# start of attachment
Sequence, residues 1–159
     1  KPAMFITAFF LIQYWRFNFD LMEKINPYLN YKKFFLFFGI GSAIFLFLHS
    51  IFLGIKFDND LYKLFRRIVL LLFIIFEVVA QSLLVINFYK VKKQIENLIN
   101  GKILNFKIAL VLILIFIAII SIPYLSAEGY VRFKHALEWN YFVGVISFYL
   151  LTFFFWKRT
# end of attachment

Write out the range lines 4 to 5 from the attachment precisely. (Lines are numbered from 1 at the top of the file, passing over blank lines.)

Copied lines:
   101  GKILNFKIAL VLILIFIAII SIPYLSAEGY VRFKHALEWN YFVGVISFYL
   151  LTFFFWKRT